Like every other state in this country, North Carolina has implied consent laws that create a civil contract between the state and any licensed driver. This contract makes every driver agree that in exchange for receiving the privilege to drive in the state, he or she agrees that they will consent to a breathalyzer upon a DWI arrest. While refusing to do so has no criminal consequences, the DMV has a civil remedy to revoke the person’s driver’s license for one year.
For example, if an officer with the Raleigh Police Department pulls over a driver and suspects he or she has been drinking, the officer can charge the person with a DWI and ask to obtain a chemical analysis of their break.
North Carolina drivers do, however, have the right to refuse the test, but there could be consequences. In some cases, a driver would lose his or her driver's license for one year after refusing a chemical test. Sometimes the restrictions could be more severe. You have a right to a refusal hearing. At this hearing, you can challenge the DWI arrest itself and the actual willfulness of the refusal. An experience DWI attorney can often times have this refusal overturned.
If you were charged with drunk driving and refused a chemical test, contact an experienced Raleigh DWI defense attorney at Coolidge Law Firm. The process of keeping your license can be tough, but our attorneys can develop a strategy that results in the return of your driving privilege. Lawyers at Coolidge Law Firm have the skill and experience needed to fight for your rights.
Contact a Raleigh criminal defense attorney at (919) 239-8448 to schedule a free consultation. Coolidge Law Firm represents clients facing DWI-related charges throughout Wake County, including Raleigh, Cary, Morrisville, Apex, Wake Forest, Knightdale, Fuquay-Varina, Holly Springs, and Garner.
North Carolina has certain driving laws that deem some crimes as "implied consent" offenses. If you are arrested for any of those offenses you could be subjected to a chemical analysis, according to North Carolina General Statutes § 20-16.2.
Implied consent offenses include:
The chemical testing can be done through a person's blood, urine or breath. The most common type of chemical analysis in North Carolina is the breath test. This test may be administered using a roadside preliminary or portable breath test (PBT) to establish impairment or it can be administered at a local police station or the Wake County Detention Center after a person has been arrested.
Police officers use chemical testing to determine if drivers blood alcohol concentration or BAC. Officers a machine called the EC/IR II to determine a person’s BAC. The results can be used as evidence to convict a person of driving while impaired. The tests can be performed in several different ways, and law enforcement officers must follow strict guidelines.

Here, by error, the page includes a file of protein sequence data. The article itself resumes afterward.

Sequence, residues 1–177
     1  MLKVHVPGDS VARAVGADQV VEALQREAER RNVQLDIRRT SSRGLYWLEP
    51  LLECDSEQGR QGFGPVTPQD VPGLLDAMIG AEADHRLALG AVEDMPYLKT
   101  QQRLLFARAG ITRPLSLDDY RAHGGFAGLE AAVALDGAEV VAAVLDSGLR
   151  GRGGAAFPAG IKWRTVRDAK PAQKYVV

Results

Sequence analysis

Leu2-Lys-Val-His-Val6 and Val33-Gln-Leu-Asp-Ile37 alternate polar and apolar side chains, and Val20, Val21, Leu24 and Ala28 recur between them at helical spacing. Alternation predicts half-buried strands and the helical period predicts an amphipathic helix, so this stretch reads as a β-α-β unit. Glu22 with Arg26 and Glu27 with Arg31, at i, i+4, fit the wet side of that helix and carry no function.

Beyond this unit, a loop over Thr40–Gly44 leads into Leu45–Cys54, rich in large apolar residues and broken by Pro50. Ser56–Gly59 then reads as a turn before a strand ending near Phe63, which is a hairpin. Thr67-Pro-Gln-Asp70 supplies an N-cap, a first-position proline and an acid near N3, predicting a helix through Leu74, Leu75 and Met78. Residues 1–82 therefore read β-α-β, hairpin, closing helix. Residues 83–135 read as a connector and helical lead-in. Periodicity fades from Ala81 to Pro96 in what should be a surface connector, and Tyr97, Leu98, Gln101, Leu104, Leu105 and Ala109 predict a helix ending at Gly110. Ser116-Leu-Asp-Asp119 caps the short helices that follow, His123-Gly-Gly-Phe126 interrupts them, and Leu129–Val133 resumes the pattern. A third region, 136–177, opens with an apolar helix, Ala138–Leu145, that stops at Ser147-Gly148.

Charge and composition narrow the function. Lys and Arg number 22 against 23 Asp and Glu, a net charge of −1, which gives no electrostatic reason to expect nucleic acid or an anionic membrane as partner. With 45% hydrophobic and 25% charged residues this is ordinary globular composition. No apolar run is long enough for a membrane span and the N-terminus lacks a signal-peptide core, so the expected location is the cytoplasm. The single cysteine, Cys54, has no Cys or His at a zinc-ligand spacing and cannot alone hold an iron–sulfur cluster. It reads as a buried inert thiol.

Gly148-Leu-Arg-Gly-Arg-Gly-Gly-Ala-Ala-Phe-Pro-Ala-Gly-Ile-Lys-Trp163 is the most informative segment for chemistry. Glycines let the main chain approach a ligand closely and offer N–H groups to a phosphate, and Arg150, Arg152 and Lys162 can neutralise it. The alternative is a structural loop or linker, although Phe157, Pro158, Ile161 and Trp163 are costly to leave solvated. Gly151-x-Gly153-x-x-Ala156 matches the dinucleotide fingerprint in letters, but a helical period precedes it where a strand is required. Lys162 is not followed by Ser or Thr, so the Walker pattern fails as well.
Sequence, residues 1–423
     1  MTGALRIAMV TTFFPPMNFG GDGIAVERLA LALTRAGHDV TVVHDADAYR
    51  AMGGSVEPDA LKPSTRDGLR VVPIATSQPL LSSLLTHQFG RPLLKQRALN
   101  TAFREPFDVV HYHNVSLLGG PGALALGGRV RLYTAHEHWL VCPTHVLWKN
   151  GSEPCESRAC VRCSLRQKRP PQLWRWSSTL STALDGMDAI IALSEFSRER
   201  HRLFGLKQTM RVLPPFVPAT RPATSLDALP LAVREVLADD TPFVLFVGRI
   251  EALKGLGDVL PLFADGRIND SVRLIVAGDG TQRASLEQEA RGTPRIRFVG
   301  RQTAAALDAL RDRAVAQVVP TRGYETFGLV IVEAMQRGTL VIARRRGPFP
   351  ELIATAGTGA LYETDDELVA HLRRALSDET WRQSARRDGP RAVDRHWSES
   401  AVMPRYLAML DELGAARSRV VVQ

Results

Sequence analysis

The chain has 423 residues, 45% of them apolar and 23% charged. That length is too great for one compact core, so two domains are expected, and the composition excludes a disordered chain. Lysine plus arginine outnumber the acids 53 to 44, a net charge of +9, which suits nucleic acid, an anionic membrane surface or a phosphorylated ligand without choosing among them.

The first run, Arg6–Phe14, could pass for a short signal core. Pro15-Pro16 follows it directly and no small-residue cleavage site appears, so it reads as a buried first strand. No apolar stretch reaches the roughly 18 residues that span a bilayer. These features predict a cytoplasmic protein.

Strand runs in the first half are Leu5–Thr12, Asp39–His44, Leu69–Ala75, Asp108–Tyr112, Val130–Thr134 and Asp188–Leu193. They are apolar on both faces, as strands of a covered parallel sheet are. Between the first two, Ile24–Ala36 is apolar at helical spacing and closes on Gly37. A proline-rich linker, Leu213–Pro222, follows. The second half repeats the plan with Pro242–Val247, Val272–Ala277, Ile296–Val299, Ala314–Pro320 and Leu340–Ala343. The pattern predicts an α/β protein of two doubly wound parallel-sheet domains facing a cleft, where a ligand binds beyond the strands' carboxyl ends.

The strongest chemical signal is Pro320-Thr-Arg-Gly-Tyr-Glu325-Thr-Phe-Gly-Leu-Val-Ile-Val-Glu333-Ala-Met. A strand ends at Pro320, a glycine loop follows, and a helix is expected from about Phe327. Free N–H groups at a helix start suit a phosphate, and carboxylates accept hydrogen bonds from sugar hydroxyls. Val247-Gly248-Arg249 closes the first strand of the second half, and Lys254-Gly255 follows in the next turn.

For instance, the test must be administered by a “chemical analyst," which is a person who has been issued a permit by the North Carolina Department of Health and Human Services (DHHS). Also, the chemical analyst must inform the driver of his or her rights orally and in writing.
If an officer fails to follow these procedures, the test results could be suppressed and lead to a verdict of not guilty or even a dismissal by the prosecution. Often times, the BAC is the most significant piece of evidence in making a case against someone accused of drunk driving.
In North Carolina, drivers have several rights regarding chemical testing after being arrested for an implied consent offense, including the right to call an attorney for advice. Drivers can ask for an attorney and a witness to view the testing, but the test cannot be delayed more than 30 minutes from the time an officer notifies the person of their right to have a witness present during testing.
Drivers also have the right to seek their own chemical test in addition to the police-performed test, after he or she is released. In most cases, after the arresting officer presents you to a magistrate, you will be released on a written promise to appear. When this occurs, your right to gather your own independent evidence of impairment has been preserved. However, in cases where your release is delayed, you may have an argument that your right to gather evidence has been violated. An experienced DWI defense attorney will explore every possible avenue of defense for a DWI charge.
North Carolina law presumes voluntarily declining to take the chemical test comes with the understanding that the refusal will result in the immediate suspension and ultimate revocation of the driver's license for one year.
If a driver refuses to submit to an Alco-Sensor portable breath test (PBT), he or she will not lose driving privileges unless convicted of a DWI Officer’s often use the PBT to determine probable cause to arrest in a DWI investigation. NO NEGATIVE CONSEQUENCES will result from a refusal to blow into an officer’s request to perform a roadside portable breath test.
Refusal to submit a sample of their breath when requested on the Intox EC/IR II will result in a one year revocation of a person’s driver’s license.
Even if an officer reports that you refused the chemical test, you have the right to challenge that refusal at a hearing before a DMV officer. A skilled DWI defense attorney can help you fight to keep your driving privileges.
If you have been arrested for a DWI and refused the chemical test, contact a Raleigh DWI defense lawyer at Coolidge Law Firm. Call (919) 239-8448 to schedule a free consultation. Coolidge Law Firm will work with you to get the best possible outcome in your case.